traditional japanese hot amazake drink with a pinch of fresh grated ginger
amazake is sneaking it's way into the american culinary consciousness. you may have seen little bottles of the stuff lurking in the refrigerated section of your local health food store, all cozied up next to the spirulina and camel dung health drinks. you know what i'm talking about, those little shakes that use amazake as a base along with nuts, fruits and various flavorings. they're thick, creamy, sweet and, of course, expensive.
for the uninitiated, amazake is nothing more than cooked grain (white or brown rice being the most common but other grains can also be used) innoculated with aspergillus oryzae
in the form of koji and allowed to ferment for anywhere from 12-24 hours. the aspergillus breaks down the grain's carbohydrates into simple, unrefined sugars. the end result is a thick, sweet porridge with a very distinctive flavor. if it tastes a bit like sake to you, you are not mistaken. this is the first step in making sake (and miso and shoyu and shochu too). ama means sweet, and zake (the z is just a spelling change) stands for sake, for which we need no translation. despite this slight taste resemblance to sake, amazake is not alcoholic.coco amazake
during the winter months in japan amazake is drunk steaming hot, diluted with water and seasoned with fresh grated ginger. i like my amazake served in this manner, but you could add other seasonings like cinnamon, nutmeg and ginger and have a sort of non-egg nog grog. or you could mix with cocoa powder and have a naturally sweetened hot chocolate drink. on the cooler end of the spectrum, you could use it to as a sweetening agent for shakes and smoothies. it is said that amazake has certain leavening powers and can be used in baking.
so, if you're into fermenting and culturing, like i am, or if you like to drink amazake but don't like to pay the big price tag, homemade might be the way to go. the process is really quite simple. first you will need the following items:koji
rice or other grain
koji can be found in most japanese markets or online. it is nothing more than rice grains that have already been innoculated with the aspergillus. i buy it pre-prepared in the tubs pictured above. if, however, if you would like to try to make koji at home (which requires rice, the aspergillus spores plus another long fermentation), you can order the spores from gem cultures
. i buy my koji premade since it saves so much time.in the incubator
next comes the most difficult part of the process...jerry-rigging an incubator to suit you needs. for my homemade tempeh
i just use my gas oven. the pilot light keeps the tempeh at about the right temperature. amazake however should be incubated at a slightly higher temperature (130 - 140f; 55-60c).
two incubator set-ups have worked for me: 1. the oven method: in my gas oven i place a cheap-y desk lamp with a 60 watt bulb, plug it in and close the door. in my oven this keeps the temperature at around 130 degrees and the amazake is done in approximately 12 hours; 2. the heating pad method: this is how my mom does it, and it takes a little longer but is less hassle. just wrap your rice and koji filled vessel in a towel and wrap inside an electric blanket or heating pad. the temperature setting to keep your blanket on will vary. on high, my little heating pad runs at about 120 degrees and the amazake is done in 22 hours.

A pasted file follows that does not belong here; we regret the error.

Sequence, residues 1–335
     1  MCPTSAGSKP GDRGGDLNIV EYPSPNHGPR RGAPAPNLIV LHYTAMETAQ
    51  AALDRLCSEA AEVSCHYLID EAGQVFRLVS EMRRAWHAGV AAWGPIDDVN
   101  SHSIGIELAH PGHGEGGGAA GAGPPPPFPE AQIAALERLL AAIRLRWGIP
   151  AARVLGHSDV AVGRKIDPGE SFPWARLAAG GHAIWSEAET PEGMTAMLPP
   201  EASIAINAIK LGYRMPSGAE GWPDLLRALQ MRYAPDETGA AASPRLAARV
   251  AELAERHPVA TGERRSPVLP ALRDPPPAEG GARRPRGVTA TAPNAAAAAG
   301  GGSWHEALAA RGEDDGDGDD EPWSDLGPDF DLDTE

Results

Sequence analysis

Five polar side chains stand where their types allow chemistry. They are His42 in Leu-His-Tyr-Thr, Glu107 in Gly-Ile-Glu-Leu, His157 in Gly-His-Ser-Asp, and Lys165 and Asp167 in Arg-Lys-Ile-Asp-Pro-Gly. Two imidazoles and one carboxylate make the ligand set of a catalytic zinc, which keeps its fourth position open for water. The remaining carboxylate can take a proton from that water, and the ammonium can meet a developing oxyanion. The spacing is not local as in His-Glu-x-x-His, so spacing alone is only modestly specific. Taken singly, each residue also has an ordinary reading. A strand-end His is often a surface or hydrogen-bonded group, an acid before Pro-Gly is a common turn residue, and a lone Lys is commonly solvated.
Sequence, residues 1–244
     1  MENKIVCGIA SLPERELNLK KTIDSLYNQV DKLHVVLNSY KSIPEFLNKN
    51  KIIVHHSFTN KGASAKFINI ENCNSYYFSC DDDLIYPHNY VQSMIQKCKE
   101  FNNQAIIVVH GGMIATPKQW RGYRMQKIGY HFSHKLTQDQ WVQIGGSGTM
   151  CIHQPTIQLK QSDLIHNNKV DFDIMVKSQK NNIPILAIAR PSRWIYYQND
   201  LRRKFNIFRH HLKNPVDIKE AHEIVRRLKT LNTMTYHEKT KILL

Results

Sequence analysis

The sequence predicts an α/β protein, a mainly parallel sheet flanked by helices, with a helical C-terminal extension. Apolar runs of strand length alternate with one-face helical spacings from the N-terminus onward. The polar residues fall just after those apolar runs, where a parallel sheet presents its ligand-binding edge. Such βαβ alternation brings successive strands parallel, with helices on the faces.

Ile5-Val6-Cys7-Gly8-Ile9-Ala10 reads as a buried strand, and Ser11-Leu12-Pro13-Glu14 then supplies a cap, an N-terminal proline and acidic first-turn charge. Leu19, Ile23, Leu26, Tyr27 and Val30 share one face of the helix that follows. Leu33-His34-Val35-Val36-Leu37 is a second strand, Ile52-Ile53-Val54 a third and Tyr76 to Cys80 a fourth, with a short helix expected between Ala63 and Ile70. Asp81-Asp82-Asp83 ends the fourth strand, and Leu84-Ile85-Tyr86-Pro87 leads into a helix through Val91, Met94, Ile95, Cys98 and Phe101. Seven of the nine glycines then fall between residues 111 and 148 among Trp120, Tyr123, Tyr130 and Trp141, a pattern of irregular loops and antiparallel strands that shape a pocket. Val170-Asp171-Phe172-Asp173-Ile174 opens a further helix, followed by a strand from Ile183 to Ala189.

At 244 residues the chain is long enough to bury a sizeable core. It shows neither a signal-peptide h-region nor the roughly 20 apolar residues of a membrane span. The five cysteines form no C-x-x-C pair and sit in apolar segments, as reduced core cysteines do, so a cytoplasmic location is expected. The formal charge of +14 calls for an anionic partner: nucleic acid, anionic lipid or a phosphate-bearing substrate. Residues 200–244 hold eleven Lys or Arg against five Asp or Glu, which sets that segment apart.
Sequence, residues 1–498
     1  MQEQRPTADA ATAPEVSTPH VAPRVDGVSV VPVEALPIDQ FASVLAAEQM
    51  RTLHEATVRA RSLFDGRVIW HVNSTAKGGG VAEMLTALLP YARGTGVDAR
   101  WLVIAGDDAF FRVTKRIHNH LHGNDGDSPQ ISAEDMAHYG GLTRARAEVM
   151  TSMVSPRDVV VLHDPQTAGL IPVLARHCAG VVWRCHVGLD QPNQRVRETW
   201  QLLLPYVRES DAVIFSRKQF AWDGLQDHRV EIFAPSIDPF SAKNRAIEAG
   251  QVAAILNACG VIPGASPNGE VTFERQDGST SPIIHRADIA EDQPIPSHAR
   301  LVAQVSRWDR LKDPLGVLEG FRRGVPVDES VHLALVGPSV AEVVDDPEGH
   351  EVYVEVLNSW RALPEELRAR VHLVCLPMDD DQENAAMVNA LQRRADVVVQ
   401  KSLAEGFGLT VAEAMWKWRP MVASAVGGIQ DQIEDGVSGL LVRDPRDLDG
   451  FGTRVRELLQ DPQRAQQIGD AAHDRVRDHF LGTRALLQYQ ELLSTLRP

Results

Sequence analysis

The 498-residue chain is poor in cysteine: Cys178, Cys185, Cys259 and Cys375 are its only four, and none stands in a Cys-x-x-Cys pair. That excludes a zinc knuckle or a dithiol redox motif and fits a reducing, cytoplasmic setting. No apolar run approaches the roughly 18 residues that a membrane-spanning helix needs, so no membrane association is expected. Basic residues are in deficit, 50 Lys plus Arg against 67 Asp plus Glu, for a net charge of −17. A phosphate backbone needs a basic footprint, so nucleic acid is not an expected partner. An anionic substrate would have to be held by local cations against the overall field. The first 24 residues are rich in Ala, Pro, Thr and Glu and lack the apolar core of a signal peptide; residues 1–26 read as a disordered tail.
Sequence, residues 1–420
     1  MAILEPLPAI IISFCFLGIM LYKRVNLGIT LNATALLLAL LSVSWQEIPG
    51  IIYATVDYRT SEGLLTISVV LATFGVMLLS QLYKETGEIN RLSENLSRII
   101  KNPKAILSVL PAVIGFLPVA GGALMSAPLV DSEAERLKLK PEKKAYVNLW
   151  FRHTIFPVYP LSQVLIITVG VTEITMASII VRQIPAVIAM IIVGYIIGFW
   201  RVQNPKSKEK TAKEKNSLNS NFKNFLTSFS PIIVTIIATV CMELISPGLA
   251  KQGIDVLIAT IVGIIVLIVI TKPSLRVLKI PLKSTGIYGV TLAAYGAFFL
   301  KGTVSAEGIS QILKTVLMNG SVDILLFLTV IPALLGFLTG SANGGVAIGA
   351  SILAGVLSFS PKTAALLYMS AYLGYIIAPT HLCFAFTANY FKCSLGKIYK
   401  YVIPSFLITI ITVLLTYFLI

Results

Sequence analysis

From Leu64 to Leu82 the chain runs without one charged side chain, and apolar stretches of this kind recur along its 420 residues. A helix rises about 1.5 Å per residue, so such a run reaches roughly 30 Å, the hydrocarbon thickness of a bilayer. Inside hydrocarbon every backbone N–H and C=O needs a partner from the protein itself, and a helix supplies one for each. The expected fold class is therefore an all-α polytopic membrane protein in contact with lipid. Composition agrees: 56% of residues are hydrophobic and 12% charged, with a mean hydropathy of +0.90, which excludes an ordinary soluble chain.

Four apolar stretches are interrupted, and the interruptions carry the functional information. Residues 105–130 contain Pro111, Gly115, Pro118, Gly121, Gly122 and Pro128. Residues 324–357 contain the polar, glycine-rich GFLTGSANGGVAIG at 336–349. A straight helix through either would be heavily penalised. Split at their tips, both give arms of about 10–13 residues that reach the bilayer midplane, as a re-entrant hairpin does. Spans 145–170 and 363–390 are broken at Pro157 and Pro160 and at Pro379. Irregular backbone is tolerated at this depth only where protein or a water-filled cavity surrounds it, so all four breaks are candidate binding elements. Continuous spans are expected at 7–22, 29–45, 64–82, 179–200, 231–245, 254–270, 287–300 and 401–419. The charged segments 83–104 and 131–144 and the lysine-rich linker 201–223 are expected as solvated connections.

now that we have the basics in order, let's get fermentin!
1 cup white rice, brown rice or other grain (millet, etc.), washed and drained
2 3/4 cups water
2 cups koji
1. cook rinsed rice in water at a low simmer for 30 minutes for white rice, 50 minutes for brown rice, or use a rice cooker if you have one. due to the water:grain ratio, the rice should be slightly porridge-like.
2. cool to about 140 degress farenhite (60 degrees celcius) and add koji. i use a thermometer to test the temperature but you can test with your finger - it should be just cool enough that your digit can tolerate the heat and not immediately blister but not so cool that it can linger. maybe like a really hot bath. thoroughly combine the rice and koji and place in a crock, glass jar or pyrex baking dish and cover.
3. incubate at 130 - 140 f (55 - 60 c) for 10-14 hours. if you can't get the incubator hot enough, process for an additional 5 - 10 hours until the rice is very sweet and the grains are very soft.before incubating and after 22 hours at about 120 farenhite
4. when the rice is meltingly soft and very sweet, place in a covered saucepan and simmer for 10 minutes to stop the fermentation. be very careful not to burn
it like i did my first time. after cooking, you may place amazake in a blender and puree until all rice grains are incorporated and the amazake resembles a thick pudding, or leave it as is. this is your base and you can use it thinned out to make the traditional japanese drink, dilute with water, nuts and seasonings to make a shake, or use it in baking as a honey substitute.pureed amazake, undiluted
for more information on amazke, you can follow these links:cybermacro
has a nice little write up of the amazake making process and also sells koji onlinegem cultures
the great-grandaddy of all things fermentable, you can buy just about any kind of starter here, from keffir to tempeh to aspergillus to timbuktu.dom's
culture pages. he's a fermenting fool and has some nice write ups about a variety of fermentables.